Bloggers, in particular, are big fans of ActBlue, as well as big users. To them, ActBlue helps democratize fund-raising. Through ActBlue, bloggers on Web sites like DailyKos and MyDD.com raised $1.5 million for candidates in 2006. Two current efforts, Blue America and Blue Majority, have raised $770,051 and $174,463, respectively, this year.
"Either you had a lot of rich friends, big labor or self-funded political campaigns," said Matt Stoller, a liberal blogger. "ActBlue is another avenue to generate grass-roots excitement and contributions. It opens up the playing field."
One big difference between ActBlue and other political action committees is that, for Democrats, it is an equal opportunity Web site; any Democratic candidate or cause can take part. This contrasts with liberal political action committees like Emily's List and MoveOn.org and with labor union PACs, in which the PAC itself picks out the candidates it supports and donations are made in the name of the PAC.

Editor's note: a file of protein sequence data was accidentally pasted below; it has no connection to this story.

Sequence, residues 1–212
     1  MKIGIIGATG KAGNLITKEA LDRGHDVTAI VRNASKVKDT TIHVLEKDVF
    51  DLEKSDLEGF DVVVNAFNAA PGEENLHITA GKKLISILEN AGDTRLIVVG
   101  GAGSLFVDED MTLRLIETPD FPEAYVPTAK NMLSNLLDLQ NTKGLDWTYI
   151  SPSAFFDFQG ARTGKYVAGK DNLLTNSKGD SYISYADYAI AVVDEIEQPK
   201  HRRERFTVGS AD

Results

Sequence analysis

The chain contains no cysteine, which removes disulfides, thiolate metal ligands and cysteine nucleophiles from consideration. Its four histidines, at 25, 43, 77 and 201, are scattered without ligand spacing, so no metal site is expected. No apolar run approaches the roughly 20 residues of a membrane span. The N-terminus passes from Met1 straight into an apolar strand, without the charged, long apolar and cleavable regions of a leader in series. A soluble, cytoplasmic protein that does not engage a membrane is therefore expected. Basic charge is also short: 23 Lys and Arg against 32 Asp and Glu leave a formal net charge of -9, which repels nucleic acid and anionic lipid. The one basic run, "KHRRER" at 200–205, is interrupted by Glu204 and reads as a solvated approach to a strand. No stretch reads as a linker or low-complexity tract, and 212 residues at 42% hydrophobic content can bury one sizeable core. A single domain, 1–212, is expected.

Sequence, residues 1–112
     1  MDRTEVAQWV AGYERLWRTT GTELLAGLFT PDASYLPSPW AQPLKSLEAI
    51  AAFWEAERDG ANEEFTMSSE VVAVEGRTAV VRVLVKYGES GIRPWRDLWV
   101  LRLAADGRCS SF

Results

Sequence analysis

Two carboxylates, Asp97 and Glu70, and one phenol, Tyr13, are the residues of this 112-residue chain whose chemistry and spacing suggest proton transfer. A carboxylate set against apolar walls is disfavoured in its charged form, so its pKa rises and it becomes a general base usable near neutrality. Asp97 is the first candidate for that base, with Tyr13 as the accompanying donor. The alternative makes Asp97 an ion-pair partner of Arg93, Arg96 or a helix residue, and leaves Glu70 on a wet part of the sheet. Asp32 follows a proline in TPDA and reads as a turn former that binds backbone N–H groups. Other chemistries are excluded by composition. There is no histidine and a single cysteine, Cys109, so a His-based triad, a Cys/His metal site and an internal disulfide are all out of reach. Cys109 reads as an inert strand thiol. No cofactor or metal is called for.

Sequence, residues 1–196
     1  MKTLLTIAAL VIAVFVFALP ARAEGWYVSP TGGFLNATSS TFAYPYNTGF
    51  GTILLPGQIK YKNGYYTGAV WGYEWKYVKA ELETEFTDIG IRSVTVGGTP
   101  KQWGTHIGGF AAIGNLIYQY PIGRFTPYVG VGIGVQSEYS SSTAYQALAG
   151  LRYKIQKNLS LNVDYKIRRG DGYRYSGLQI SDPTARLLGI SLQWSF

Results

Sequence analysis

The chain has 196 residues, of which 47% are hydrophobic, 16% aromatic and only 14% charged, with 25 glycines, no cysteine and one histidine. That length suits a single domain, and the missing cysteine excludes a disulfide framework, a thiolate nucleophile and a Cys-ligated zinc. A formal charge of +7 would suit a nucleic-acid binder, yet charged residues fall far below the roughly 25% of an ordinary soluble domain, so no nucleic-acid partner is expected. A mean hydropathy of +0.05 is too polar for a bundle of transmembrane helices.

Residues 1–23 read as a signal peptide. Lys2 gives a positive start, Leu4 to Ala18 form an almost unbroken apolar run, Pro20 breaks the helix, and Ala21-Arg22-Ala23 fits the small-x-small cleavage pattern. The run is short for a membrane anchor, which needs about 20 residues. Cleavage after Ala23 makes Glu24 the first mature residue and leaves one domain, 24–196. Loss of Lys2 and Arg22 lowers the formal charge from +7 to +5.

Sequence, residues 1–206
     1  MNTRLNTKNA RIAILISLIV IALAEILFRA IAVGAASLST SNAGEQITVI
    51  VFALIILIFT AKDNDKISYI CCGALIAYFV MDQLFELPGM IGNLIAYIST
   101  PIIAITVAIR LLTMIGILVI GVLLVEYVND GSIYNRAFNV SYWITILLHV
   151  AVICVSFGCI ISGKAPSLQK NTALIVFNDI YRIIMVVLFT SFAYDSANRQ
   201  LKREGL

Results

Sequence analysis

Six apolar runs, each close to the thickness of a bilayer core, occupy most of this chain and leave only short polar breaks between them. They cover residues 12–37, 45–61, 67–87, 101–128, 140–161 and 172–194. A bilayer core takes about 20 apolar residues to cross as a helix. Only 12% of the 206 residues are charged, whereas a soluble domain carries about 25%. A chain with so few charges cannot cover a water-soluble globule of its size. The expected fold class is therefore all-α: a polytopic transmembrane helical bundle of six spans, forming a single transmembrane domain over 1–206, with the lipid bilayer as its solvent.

This year, the focus of some fund-raising is on state races, with the idea that legislatures are in charge of Congressional redistricting. Gov. Tim Kaine of Virginia has an ActBlue Web page, "Moving Virginia Forward," that solicits donations toward getting a Democratic majority in the state house. A total of about $128,000 has been raised on Mr. Kaine's site and several others for eight legislative candidates.
Daniel Biss, a University of Chicago math professor, has raised $51,000 through ActBlue for his 2008 race for the Illinois House. His campaign Web site links donors to ActBlue, where his page features a YouTube video of supporter endorsements.
"By far, this is the easiest way for a small candidate to get started," said Dr. Biss, who estimated that he would need a total of $300,000 to $450,000. "The impact has been enormous, and the Web site becomes a rallying point for activists."
In New Hampshire, Jay Buckey, a medical researcher and former astronaut, has raised $19,000 through ActBlue for his Democratic primary bid in his Senate race against former Gov. Jeanne Shaheen, who has raised $107,000 on ActBlue.
"It's a real democratizing source in politics," said Mr. Buckey, who has raised an additional $30,000 through traditional fund-raising but said ActBlue "makes it easy for people to use their credit cards and donate from other parts of the country."
© 2007 The New York Times